I’m honored to be here at the Reagan Library, at a place that honors the legacy of a man who inspired not just my interest in public service, but also our love for country.

And I’m also aware that California has a drought, and so that’s why I made sure I brought my own water.

(LAUGHTER)

TAPPER: Senator Cruz?

SEN. TED CRUZ, R-TEXAS: I’m Ted Cruz. I am the son of an Irish-Italian mom and a Cuban immigrant dad who fled oppression and came to America seeking freedom. I’m a husband to my best friend, Heidi, who’s here tonight. I’m a dad to two little girls who are the loves of my life, Caroline and Catherine.

If you’re fed up with Washington, if you’re looking for someone to stand up to career politicians in both parties, I’m the only one on this stage who has done that over and over again, and if we stand together, we can bring America back. DR. BEN CARSON: Hi, I’m Ben Carson, and I’m a retired pediatric

neurosurgeon. I’m here with my wife, Candy, of 40 years, and two of my sons, and their wives.

I stress the pediatric part of my career because the reason that I’ve gotten involved in this race is because I’m very concerned about the future of our children, and the direction of our country is one that does not portend well, unless we, the people, intervene and retake our rightful place at the pinnacle.

And I just want to be — make it clear that I’m grateful to be here with all of you again, and welcome the addition of Carly Fiorina, as well.

(APPLAUSE)

DONALD TRUMP: I’m Donald Trump. I wrote “The Art of the Deal”. I say not in a braggadocious way, I’ve made billions and billions of dollars dealing with people all over the world, and I want to put whatever that talent is to work for this country so we have great trade deals, we make our country rich again, we make it great again. We build our military, we take care of our vets, we get rid of Obamacare, and we have a great life altogether.

Thank you. Thank you.

(APPLAUSE)

FORMER GOV. JEB BUSH, R-FLA.: I’m Jeb Bush, and I believe America’s on the verge of its greatest century, and I’m ready to lead. I’m a committed, conservative reformer that cut taxes, that balanced budgets, that took on the special interest in Florida, and we won.

I look forward to talking tonight about how we can fix a broken Washington D.C., and create an environment where people can rise up again in this great country.

Thank you.

(APPLAUSE)

GOV. SCOTT WALKER, R-WIS.: Good evening, I’m Scott Walker, and tonight, I want to thank Mrs. Reagan, and the Reagan Library for hosting us. You see, in my lifetime, the greatest president was a governor from California. Ronald Reagan knew how to go big, and go bold. He understood the essence of moving this country forward, and that’s what I did when I took on the status quo in my state, and the Washington based special interest.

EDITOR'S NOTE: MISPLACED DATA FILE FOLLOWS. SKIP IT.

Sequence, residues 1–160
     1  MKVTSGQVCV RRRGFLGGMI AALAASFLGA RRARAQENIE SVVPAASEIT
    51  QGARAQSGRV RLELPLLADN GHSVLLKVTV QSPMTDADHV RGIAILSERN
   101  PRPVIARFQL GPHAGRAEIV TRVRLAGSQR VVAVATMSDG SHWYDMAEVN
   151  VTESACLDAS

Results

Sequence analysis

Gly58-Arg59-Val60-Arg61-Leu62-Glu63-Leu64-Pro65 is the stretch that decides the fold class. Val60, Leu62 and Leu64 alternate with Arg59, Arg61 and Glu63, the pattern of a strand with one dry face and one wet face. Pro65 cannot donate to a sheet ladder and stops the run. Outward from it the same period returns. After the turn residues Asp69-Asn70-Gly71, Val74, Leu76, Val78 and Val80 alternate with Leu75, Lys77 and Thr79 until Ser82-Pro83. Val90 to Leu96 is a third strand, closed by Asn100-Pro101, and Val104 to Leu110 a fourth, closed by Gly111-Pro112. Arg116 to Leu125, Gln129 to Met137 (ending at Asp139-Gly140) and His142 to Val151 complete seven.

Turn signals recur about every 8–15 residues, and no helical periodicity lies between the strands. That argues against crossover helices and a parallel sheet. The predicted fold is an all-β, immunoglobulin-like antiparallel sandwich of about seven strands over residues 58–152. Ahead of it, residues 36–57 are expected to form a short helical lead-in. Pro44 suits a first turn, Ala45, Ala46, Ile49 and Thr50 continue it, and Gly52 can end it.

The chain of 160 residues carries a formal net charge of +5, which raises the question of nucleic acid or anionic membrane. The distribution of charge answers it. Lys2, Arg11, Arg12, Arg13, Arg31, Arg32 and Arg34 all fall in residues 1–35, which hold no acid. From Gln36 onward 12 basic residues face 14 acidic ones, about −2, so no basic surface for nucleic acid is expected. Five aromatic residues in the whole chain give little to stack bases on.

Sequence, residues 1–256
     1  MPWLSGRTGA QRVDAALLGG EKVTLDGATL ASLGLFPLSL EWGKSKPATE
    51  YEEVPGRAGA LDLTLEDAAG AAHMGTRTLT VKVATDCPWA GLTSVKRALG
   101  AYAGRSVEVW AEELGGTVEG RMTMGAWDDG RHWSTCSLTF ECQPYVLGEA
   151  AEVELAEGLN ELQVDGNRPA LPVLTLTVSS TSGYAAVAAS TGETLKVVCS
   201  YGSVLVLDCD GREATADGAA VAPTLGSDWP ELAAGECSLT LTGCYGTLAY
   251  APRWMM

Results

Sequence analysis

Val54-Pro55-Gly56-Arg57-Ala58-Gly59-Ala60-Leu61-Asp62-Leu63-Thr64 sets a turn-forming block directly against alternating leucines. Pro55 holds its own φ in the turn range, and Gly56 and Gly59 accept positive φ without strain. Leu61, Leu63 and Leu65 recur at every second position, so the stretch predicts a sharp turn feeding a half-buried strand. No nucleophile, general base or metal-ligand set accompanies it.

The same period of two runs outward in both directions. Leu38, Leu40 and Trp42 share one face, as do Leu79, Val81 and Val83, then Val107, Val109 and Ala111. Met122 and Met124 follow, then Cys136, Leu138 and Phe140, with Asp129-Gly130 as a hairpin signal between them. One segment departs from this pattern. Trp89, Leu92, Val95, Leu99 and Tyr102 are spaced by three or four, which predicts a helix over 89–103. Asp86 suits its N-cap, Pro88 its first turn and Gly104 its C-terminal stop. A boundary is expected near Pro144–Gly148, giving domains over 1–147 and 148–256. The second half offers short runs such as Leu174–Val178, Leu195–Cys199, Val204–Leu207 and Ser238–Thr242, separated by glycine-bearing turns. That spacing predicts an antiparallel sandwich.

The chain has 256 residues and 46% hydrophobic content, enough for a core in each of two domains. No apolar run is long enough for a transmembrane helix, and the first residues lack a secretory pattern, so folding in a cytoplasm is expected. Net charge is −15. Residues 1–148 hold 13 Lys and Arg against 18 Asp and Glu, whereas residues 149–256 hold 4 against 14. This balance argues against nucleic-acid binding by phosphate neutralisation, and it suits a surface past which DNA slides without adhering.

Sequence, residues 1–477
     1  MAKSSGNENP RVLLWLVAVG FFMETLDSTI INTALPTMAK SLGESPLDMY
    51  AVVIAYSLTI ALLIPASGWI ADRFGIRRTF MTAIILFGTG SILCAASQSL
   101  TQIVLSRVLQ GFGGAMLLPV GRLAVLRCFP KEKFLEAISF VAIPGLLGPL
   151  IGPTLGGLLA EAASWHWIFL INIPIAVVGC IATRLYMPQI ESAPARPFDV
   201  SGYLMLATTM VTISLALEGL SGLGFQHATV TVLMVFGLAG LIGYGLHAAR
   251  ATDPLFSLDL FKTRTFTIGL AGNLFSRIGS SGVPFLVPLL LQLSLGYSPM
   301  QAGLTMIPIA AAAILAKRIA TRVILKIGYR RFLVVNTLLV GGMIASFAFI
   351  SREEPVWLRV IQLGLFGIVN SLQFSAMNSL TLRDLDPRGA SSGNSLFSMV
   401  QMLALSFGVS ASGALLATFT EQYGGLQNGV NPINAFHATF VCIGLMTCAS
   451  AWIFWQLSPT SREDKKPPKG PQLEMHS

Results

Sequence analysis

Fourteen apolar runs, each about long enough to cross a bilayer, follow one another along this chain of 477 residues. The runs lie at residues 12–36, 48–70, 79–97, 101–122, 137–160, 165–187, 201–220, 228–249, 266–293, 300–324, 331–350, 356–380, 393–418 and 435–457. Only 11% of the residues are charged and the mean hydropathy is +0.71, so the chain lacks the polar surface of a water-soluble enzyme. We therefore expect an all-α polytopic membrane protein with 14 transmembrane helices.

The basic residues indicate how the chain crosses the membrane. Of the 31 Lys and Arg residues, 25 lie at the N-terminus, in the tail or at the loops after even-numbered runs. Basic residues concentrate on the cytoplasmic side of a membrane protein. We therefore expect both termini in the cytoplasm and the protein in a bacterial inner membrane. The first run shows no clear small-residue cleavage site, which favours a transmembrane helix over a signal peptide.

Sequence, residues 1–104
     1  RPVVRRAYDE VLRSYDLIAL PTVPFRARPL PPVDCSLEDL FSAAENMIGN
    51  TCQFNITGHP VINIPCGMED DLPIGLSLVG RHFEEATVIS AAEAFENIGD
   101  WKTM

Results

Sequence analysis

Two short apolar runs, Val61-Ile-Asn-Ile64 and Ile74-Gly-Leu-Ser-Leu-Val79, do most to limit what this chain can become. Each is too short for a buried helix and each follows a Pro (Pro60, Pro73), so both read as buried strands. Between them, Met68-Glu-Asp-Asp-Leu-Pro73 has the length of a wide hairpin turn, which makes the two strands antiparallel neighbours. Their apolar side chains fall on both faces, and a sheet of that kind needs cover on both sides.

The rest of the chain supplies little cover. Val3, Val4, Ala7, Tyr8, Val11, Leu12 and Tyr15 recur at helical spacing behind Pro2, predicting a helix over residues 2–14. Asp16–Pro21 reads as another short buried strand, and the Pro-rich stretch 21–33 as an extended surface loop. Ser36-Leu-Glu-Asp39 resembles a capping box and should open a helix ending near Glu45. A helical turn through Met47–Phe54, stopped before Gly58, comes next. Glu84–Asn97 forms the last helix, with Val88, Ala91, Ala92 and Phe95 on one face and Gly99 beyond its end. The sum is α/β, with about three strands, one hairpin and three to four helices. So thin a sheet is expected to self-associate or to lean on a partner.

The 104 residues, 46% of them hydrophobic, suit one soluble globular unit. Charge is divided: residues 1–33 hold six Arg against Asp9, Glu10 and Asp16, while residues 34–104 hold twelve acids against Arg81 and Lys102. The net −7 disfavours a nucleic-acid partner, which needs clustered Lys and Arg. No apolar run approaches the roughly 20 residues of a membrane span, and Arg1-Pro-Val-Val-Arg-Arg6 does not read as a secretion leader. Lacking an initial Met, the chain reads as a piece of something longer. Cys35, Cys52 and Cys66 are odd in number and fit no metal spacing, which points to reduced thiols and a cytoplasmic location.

Now, more than ever, America needs a leader who will go big and bold again. Someone who’s been tested. I’m ready to be that leader. Thank you.

(APPLAUSE)

CARLY FIORINA: Good evening. My story, from secretary to CEO, is only possible in this nation, and proves that everyone of us has potential. My husband, Frank, of 30 years, started out driving a tow truck for a family owned auto body shop. We have come to a pivotal point in our nation’s history where this nation’s possibilities and potential are being crushed by a government grown so big, so powerful, so inept, so corrupt, and a political class that refuses to do anything about it.

I am prepared to lead the resurgence of this great nation.

(APPLAUSE)

GOV. JOHN R. KASICH, R-OHIO: Hello, I’m John Kasich, the Governor of Ohio. Emma, and Reese, my children, and Karen, love ‘ya girls. Thanks for watching tonight.

By the way, I think I actually flew on this plane with Ronald Reagan when I was a congressman, and his goals, and mine, really much — are pretty much the same. Lift Americans, unify, give hope, grow America, and restore it is to that great, shining city on a hill.

Yes, he was a great one, and I learned much from watching him. The most important thing, hope to Americans, unify, lift everyone in America.

(APPLAUSE)

GOV. CHRIS CHRISTIE, R-N.J.: Hi, my name is Chris Christie, and I’d like to you take the camera off me and put it on the audience because I’d like to ask all of you, how many of you, raise your hand, believe that in today’s Barak Obama America your children will have a better life than you’ve had?

You see? That’s why I’m running for President. Because leadership is not about me, it’s about our country. And, what we talk about tonight, it’s not about us, it’s about the people in the audience tonight, because in seven short years this president has stripped away their trust, and their faith, and their belief that the next generation will have a better life. He’s stolen that from us, and when I’m president, I’m going to take it back.

(APPLAUSE)

TAPPER: Thank you one and all for being here. There are many important policy issues facing our nation. We’re going to get to many of them tonight, but I do want to start off with some current events in the news, and also some of the comments the candidates have recently made on the campaign trail.

TAPPER: Mrs. Fiorina, I want to start with you. Fellow Republican candidate, and Louisiana Governor Bobby Jindal, has suggested that your party’s frontrunner, Mr. Donald Trump, would be dangerous as President. He said he wouldn’t want, quote, “such a hot head with his finger on the nuclear codes.”

You, as well, have raised concerns about Mr. Trump’s temperament.

You’ve dismissed him as an entertainer. Would you feel comfortable with Donald Trump’s finger on the nuclear codes?

FIORINA: You know, I think Mr. Trump is a wonderful entertainer. He’s been terrific at that business.

I also think that one of the benefits of a presidential campaign is the character and capability, judgment and temperament of every single one of us is revealed over time and under pressure. All of us will be revealed over time and under pressure. I look forward to a long race.